then parity must be nonconserved in both π -decay and .&decay establishes that in K-decay the parity as well as the charge conjugation operator is not conserved. direct measurements on the longitudinal polarization of the positron from p+-decay was done establishing the same conclusion concerning µ -decay. Consequently in the z-p-e decay sequence we may observe an angular correlation between the momentum of.&.z meson and the momentum of ei measured in the rest system of . If in the subsequent pdecay parity is also not conserved. 5).on proton. Experiment10 on the angular correlation between the . 9 Later. The experimental results8 on these angular correlations appeared within a few days after the results on /?-decay were known. 6. .u-decay.u+ momentum from the decay of K+ meson and the positron momentum from the . (4) Ilo-decay The do particle can be produced by colliding an energetic 7~.WEAK INTERACTIONS AND PARITY 413 larized.& meson measured in the rest system of . The Fig. the electron (or positron) emitted from such a .u meson at rest would in general exhibit a forward and backward angular asymmetry with respect to the polarization of p meson (Fig. These results showed conclusively that not only parity is not conserved but the charge conjugation operator is also not conserved in π -decay as well as in pdecay. If this angular correlation shows a forward backward asymmetry. (3) K-p-e decay In this case we have instead of the x meson the heavier K meson which decays into a p meson and a neutrino (Fig. 6).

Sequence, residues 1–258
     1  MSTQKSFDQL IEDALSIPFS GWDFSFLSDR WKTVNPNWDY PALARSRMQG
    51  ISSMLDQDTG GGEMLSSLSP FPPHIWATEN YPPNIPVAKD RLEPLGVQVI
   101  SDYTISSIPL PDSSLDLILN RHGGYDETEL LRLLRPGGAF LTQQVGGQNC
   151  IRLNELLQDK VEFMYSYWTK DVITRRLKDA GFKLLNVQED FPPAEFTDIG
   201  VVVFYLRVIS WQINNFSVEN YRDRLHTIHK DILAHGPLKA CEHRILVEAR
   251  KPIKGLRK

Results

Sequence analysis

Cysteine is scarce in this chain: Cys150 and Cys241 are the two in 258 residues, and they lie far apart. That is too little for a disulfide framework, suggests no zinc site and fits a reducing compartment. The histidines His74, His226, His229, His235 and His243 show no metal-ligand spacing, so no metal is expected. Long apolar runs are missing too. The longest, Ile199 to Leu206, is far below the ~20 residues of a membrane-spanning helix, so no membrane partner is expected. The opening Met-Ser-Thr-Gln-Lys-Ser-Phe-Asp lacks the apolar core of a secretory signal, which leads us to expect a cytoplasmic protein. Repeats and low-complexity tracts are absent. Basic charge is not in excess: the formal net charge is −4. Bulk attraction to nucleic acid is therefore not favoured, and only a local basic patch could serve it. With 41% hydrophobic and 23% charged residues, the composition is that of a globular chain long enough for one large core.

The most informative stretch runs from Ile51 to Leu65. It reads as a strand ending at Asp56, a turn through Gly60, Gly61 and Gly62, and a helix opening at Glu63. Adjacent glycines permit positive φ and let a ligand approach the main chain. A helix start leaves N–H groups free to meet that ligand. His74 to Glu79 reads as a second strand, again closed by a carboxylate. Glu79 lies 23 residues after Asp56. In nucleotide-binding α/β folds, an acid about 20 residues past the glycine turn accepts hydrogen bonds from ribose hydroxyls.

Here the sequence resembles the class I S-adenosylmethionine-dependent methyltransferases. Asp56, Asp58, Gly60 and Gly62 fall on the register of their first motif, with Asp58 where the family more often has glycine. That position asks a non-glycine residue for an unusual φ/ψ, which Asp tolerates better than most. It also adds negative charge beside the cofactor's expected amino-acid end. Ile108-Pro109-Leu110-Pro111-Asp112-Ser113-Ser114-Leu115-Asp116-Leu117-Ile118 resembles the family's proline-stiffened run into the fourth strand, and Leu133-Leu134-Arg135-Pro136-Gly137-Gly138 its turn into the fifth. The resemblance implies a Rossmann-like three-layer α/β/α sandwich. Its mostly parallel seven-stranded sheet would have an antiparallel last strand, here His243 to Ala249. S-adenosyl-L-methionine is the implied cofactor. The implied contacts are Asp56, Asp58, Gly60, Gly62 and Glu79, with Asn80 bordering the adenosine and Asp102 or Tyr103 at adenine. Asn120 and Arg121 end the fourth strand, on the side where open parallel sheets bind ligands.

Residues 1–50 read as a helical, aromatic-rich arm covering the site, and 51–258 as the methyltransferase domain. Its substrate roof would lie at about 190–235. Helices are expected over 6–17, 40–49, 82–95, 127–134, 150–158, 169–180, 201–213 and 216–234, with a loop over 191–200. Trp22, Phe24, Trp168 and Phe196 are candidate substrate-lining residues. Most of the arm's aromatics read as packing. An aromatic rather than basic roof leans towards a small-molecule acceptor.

otherwise. in turn. 7.. p’.414 1957 T. gives us new tools to probe further into the structure of our physical world. The observation of an assymetrical distribution with respect to the sign of the product Gout (Gin x gn) formed from the momentum of the incoming pion Fin. the magnetic moment of the µ meson can now be measured to an extremely high degree of accuracy12 which.D. and that of the decay pion &.LEE Fig. would be unattain- . from the amount of the large up-down asymmetry it can be concluded that the Å-decay interaction is also not invariant under the charge conjugation operation. From all these results it appears that the property of nonconservation of parity in the various weak interactions and the noninvariance property of these interactions under charge conjugation are well established. do subsequently decays into a proton plus a π− (Fig. Thus.. 11 Recent experiments on these reactions demonstrates that in these reactions there is indeed such an angular correlation between gout and (j& x 6. Furthermore. for example.). 7).. the momentum of the lambda particle.t would constitute an unequivocal proof that parity is not conserved in this decay. These interactions offer us natural ways to polarize and to analyze the spins of various elementary particles. In connection with these properties we find an entirely new and rich domain of natural phenomena which.